Overall, I think it was really helpful to write down everything I ate. The reflection part was the deciding factor. I used to find food journals annoying, but I never did anything with what I wrote down. The reflection is what helps me plan for the upcoming week.

This is what my food journal looks like:IMG_0019

It is really nothing fancy. What I do is I write the time, what I’m eating, and my hunger on a scale of 1-10. Sometimes I’ll also write what I’m feeling emotionally when I eat. Generally, I didn’t hit a hunger level above a 5 (which is where you should eat) and I ate what I wanted when I wanted it! I feel good about how this week went and I’m hopeful I’ll see some improvement with the next week of journaling.

I also took a day off from journaling on Friday. I think it did me some good to step away from writing it all down. I tend to get obsessive about things so this was a good thing for me to take a break.

So, what am I doing with all of this information?

What I’ve decided to do with these reflections is to choose three points where I focus to make improvements. This week my three focus points are:

  1. Drinking more water every day. Weekends and busy days are when I seem to neglect hydration.
  2. Plan & Pack. Have snacks that are filling and healthy for after school ready and waiting.
  3. Eating breakfast every morning. (I sometimes skip breakfast on weekends if I sleep later.)

Alright. On the agenda is another week of Honor Your Hunger. Next up with Intuitive Eating, I’m focusing on principle #5 which is Respect Your Fullness. Happy week, friends!

Honor Your Hunger: My first step into Intuitive Eating

Everything in the title of this post seems like it would be easy. When I interpret “Honor your hunger,” I think eat when you’re hungry. Simple enough. Except when you eat all the things because stress, sadness, emotional numbing, etc. My ability to honor my hunger gets lost pretty quickly.

I’ve been seeing Michelle, a Registered Dietician, since June. She recommended the book Intuitive Eating a few weeks in to our sessions. I was reeeeally skeptical about this book. I’m just not into reading books that aren’t entertaining, and I really didn’t think I’d learn anything new, to be honest. I. WAS. WRONG. Intuitive Eating is changing how I look at food, how I eat, and how I manage my emotions. If you struggle with emotional/stress eating, or eating healthy, or being a person in general, I recommend this book. It really has changed my outlook on many things.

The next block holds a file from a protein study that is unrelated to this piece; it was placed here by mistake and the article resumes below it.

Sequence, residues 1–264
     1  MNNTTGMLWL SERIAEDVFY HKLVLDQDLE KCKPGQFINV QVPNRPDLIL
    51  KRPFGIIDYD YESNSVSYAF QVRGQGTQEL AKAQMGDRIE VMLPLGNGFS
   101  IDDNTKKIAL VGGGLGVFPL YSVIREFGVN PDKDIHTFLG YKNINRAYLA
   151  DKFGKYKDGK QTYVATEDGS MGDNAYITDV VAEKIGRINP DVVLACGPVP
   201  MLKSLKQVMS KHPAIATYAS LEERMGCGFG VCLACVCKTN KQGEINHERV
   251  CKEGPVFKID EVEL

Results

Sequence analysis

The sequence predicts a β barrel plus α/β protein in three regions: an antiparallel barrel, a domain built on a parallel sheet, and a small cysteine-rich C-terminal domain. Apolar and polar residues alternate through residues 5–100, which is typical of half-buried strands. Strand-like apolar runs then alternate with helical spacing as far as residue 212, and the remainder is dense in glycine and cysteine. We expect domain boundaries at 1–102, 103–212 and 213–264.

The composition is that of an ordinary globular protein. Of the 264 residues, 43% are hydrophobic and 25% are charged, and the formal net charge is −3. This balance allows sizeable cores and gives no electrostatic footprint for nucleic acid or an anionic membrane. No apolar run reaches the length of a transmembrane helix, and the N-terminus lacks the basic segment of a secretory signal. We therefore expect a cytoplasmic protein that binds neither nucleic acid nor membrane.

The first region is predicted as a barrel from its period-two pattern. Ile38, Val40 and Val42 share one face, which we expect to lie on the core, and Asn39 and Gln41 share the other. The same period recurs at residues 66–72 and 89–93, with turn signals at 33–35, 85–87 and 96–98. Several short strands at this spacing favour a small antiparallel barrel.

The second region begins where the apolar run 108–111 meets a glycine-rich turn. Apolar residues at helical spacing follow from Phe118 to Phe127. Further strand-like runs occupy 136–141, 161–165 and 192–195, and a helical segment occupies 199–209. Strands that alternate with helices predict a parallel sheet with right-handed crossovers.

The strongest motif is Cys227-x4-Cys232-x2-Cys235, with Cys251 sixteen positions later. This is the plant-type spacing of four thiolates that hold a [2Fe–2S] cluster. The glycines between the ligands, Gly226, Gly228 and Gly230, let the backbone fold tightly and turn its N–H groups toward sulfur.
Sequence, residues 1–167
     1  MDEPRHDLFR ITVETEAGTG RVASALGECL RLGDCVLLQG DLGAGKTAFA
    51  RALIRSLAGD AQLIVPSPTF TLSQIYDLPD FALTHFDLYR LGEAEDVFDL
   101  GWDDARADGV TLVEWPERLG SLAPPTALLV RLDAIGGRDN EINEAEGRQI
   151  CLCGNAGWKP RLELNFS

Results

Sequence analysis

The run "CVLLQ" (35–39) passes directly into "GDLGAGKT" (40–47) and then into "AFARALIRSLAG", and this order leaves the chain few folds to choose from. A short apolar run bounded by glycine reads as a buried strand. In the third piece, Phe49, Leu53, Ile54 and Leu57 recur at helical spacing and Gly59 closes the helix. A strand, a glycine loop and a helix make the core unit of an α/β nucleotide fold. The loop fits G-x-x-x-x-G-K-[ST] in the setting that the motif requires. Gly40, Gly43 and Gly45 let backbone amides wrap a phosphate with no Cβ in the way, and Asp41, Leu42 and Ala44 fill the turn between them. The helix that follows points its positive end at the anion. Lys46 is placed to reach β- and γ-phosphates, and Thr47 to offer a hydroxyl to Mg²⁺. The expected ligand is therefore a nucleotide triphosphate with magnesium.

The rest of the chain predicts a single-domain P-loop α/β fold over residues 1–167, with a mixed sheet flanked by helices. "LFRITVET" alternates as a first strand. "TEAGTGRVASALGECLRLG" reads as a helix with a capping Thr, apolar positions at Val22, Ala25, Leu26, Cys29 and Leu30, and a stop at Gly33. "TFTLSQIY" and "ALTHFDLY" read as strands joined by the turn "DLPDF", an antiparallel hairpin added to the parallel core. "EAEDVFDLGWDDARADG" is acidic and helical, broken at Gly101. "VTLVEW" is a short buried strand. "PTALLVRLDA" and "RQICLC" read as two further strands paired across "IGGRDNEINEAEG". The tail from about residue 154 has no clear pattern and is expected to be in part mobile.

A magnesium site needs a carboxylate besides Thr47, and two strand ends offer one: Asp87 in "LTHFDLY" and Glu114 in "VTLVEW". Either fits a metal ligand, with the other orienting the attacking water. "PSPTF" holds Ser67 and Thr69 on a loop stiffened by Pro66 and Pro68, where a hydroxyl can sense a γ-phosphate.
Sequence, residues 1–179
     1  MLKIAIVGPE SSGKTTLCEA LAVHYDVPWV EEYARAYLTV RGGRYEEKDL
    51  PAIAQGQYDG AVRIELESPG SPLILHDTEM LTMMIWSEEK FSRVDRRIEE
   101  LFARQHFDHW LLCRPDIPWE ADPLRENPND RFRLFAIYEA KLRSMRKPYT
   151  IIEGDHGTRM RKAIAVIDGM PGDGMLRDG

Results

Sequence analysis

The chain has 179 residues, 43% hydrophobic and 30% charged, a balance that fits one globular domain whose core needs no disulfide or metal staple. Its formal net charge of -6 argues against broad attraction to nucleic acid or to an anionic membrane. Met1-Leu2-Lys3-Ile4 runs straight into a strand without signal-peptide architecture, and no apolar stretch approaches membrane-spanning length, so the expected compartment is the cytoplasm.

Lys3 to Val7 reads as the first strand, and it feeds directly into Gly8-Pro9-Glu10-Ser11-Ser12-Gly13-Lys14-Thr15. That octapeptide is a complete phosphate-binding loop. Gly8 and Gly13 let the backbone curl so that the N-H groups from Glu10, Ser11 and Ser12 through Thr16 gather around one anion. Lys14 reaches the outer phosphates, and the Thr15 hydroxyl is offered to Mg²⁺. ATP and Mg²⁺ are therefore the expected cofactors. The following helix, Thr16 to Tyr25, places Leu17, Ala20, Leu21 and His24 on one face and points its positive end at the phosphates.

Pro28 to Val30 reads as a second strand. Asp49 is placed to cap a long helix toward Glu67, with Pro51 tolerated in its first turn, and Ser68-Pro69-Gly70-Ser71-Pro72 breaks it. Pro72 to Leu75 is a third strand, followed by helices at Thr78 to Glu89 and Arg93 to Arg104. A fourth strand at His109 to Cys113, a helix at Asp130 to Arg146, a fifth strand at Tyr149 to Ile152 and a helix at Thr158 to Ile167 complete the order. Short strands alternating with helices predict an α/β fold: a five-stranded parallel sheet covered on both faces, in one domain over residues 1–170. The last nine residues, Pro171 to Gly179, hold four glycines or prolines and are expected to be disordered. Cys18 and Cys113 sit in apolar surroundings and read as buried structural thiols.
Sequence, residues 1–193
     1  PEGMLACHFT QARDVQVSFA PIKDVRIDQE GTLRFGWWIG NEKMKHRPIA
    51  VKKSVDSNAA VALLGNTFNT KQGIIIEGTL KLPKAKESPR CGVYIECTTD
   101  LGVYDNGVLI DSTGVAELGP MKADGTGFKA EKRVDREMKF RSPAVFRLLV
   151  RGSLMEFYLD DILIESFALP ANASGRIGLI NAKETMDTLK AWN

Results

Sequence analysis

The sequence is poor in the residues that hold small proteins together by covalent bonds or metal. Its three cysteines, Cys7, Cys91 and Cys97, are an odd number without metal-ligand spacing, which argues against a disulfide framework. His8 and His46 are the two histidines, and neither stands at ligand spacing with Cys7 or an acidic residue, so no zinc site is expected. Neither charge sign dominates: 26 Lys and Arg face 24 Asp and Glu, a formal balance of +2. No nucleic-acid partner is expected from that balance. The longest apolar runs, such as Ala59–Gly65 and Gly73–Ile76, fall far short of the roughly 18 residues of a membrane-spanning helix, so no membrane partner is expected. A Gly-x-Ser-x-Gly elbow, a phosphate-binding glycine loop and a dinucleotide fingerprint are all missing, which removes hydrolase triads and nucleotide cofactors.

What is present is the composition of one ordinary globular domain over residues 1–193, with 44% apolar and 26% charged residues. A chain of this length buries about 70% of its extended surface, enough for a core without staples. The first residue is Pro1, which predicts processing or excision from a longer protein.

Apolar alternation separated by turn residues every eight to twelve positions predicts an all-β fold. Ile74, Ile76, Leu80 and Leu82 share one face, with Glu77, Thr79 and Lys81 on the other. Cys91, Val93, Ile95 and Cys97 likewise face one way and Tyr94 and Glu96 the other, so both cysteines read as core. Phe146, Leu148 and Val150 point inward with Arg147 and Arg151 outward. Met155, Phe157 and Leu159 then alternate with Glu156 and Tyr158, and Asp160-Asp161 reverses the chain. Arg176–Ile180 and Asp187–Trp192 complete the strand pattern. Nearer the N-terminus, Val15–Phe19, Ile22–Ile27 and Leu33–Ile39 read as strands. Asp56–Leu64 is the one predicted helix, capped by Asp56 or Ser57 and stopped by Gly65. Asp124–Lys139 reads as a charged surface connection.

Since reading the book, I’ve come to a conclusion that my eating is fueled by emotions. My type of eating is basically to enhance or dull emotions. When I’m stressed, sad, angry, or upset… I eat to dull or numb those feelings. When I’m bored, I eat to fill the time. When I’m happy or excited or celebrating, I eat to reward myself and make myself happier. So. Much. Food.

Which is what brings me here. Even though I’ve been seeing Michelle regularly (like twice a month), I don’t feel like I’ve put forth the real effort to embrace Intuitive Eating. I definitely love the book and it has made me more aware of how and what I eat, but I haven’t really put all of the principles into action.

My goal for the next two weeks is to focus on the principle Honor Your Hunger. It is a way for me to check in with myself and ask “Am I really hungry?” It also forces me to evaluate my food choices when I decide to eat, thinking like “Is this food really going to fill me up?” As part of the Intuitive Eating journey, I’m keeping a food journal. This is the really hard part for me. I will maneuver ways around the food journal like nobody’s business. I’m hoping the blog posting will hold me more accountable to actually writing things down.

The fun begins today. Onward and upward 🙂

A Year Passes, and Progress is Made

It has been a year since Kevin and I announced our plans to adopt a baby. A year can go so quickly! We have not been waiting the whole year, though. The paperwork and application process took us 8 months due to a few delays. We officially began the waiting period in May.

The waiting period is generally quiet, for us. We hear from our adoption specialist (the person who makes sure our profile gets seen) rarely. We don’t get any “status updates,” but she does tell us that she receives good feedback about our profile. The waiting is not as hard as I imagined. Being busy with work, training for the St. Jude half, and everything else has definitely kept my mind on other things. Kevin and I have faith that God will provide when the time is right.

In the mean time, we have been preparing a nursery for our sweet baby! It has been fun gathering things and making sure we have what we need in case we had a last minute situation come up. In a perfect world, we’d have time to get ready before a due date, but sometimes, you have a few weeks or even less!

Names are picked out, too. We are keeping those to ourselves for now. We’ve incorporated both of our families with the names, and we’re on the fence about two girl’s first names… Eventually we’ll figure that one out.

Friends and family ask a lot about how it’s all going. Well, the front is very quiet and not much to report. We are praying for news, whenever it happens!